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Thursday, April 23, 2009 

Iraq, the insurgency, and the capture of Omar al-Baghdadi.

There have been many false dawns in Iraq since the 2003 invasion, none more so than the killing of Abu Musab al-Zarqawi, the leader of al-Qaida in Iraq, although the group was more properly known as the Mujahideen Shura Council at the time. Although the insurgency in Iraq was always far more varied than just involving Zarqawi's group, which was renamed al-Qaida in Iraq after he pledged allegiance to Osama bin Laden, having formerly dreamt of building his own rival terror organisation, over-the-top media coverage and Zarqawi's brutal tactics, especially the beheading of foreign hostages, some of which he supposedly carried out himself, meant that his death was given far more significance than it was probably due. Reports of the capture of al-Zarqawi's self-proclaimed successor, Abu Omar al-Baghdadi, do little other than suggest that there will still be life in the Iraqi insurgency for some time yet.

Like with Zarqawi and with the other man who may well be the real leader of the self-proclaimed Islamic State of Iraq, Abu Hamza al-Muhajir, Baghdadi has been presumed both dead and captured before, but for now it does seem as if he has been arrested. This itself may come as a surprise to some within the US army, who have claimed repeatedly that Baghdadi does not actually exist, instead a phantom that gives an Iraqi leadership to a group which has always been regarded by others in the insurgency as being of foreign origin, but photographs of the man have supposedly previously emerged, showing someone who looks to be suffering from pattern baldness.

How much influence or control Baghdadi actually had over the organisation is impossible to know. Apart from irregular audio messages issued as videos, none of which Baghdadi has formally appeared in, unlike the gregarious al-Zarqawi, all of which give credence to the idea that he is simply a puppet to the formal "Minister for War" al-Muhajir, he doesn't seem to have done anything other than contribute to the war of words which ultimately led to the split between the insurgent groups and with it the rise of the Awakening councils, almost completely composed of former insurgents, although few were members of al-Qaida, or the ISI. The recent rise in violence in the country, although nowhere near the levels of 2004 to mid-2007, attributed by some to the dissolution of the Awakening councils in certain areas, reflects the difficulty with which those who have been ostensibly fighting for the last six years will be reintegrated into Iraqi society. Contributing to the problems is that a Shia government is simply not trusted by the Sunni fighters; their sudden dissolution threatens to be a repeat of the disbanding of the Iraqi army, almost certainly the biggest factor behind the rise of the insurgency.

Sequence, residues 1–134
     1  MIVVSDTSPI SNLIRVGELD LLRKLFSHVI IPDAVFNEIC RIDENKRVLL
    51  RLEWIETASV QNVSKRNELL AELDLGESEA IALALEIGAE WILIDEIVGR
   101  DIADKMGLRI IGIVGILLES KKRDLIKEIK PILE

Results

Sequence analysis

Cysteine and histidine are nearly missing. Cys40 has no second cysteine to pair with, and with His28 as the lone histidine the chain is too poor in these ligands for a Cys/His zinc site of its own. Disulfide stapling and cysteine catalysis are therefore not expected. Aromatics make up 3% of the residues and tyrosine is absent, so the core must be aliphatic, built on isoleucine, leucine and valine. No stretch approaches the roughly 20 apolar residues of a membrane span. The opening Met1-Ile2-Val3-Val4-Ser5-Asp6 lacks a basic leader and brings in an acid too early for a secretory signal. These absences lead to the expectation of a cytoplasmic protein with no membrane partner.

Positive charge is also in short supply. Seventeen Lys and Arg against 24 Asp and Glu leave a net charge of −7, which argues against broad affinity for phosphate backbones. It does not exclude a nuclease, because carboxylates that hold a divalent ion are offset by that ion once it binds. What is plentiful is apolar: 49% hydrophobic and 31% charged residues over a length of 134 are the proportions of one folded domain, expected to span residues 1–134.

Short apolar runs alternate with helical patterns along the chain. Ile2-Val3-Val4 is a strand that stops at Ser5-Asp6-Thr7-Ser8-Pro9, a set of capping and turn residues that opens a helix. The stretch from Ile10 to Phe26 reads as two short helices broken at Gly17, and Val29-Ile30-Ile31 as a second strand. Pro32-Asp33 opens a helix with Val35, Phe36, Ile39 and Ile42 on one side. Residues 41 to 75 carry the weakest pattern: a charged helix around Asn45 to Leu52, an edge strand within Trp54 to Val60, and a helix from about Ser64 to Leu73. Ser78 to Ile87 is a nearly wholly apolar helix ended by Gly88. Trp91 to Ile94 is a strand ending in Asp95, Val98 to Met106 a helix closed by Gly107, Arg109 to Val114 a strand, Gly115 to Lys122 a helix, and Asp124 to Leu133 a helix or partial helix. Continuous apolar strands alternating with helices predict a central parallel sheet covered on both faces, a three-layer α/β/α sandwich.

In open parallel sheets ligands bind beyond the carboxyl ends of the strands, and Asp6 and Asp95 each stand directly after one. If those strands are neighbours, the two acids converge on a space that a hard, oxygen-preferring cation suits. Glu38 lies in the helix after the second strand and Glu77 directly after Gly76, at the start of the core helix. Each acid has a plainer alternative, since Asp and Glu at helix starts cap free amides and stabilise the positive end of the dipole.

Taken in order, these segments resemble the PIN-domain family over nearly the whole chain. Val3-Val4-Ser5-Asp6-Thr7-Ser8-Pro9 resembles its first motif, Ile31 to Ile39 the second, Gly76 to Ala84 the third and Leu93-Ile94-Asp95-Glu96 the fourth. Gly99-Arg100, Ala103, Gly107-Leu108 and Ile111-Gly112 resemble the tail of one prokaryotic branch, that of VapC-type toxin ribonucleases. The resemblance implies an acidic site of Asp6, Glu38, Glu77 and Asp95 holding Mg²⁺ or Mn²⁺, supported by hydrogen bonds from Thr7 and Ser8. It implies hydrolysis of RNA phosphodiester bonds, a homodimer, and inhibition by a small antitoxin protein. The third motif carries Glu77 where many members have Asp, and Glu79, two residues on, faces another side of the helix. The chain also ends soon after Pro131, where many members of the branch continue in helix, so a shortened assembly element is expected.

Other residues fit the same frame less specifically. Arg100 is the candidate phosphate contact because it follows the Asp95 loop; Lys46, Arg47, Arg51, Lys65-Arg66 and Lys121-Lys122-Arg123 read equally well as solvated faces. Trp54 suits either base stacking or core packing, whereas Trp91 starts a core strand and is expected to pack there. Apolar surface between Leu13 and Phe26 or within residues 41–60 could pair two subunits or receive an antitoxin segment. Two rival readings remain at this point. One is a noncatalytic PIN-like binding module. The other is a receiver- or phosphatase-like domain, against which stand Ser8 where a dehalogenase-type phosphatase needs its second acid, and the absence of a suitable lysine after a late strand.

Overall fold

From controlling almost all of the so-called "Sunni Triangle" at one point, the Islamic State of Iraq has been pushed back into the provinces of Diyala and Mosul, where the Salafist jihadist groups, which also includes Ansar al-Islam, are still reasonably strong. It's difficult to know just how much of an effect al-Baghdadi's arrest might have on the groups and their supporters, especially considering how unknown his power has been, and while al-Zarqawi's death was actively mourned by jihadists, it will still be some sort of a setback to the group. The suicide bombings today, which are almost certainly coincidences rather than the group striking back, show that the ISI still has the capability to carry out devastating attacks, but on a far reduced scale. The insurgency in general, which has been in decline since its high point at the heighth of the civil war which al-Qaida in Iraq did much to foment, seems to be shifting up a gear, if the number of videos released by the groups is a measure to go by. The real problem in Iraq though remains reconciliation between the Sunni and Shia, which despite some reasonably encouraging results in the recent elections, where secularists appeared to win out against the religious parties, seems as far away as ever. Al-Baghdadi's arrest will do nothing whatsoever to alter that.

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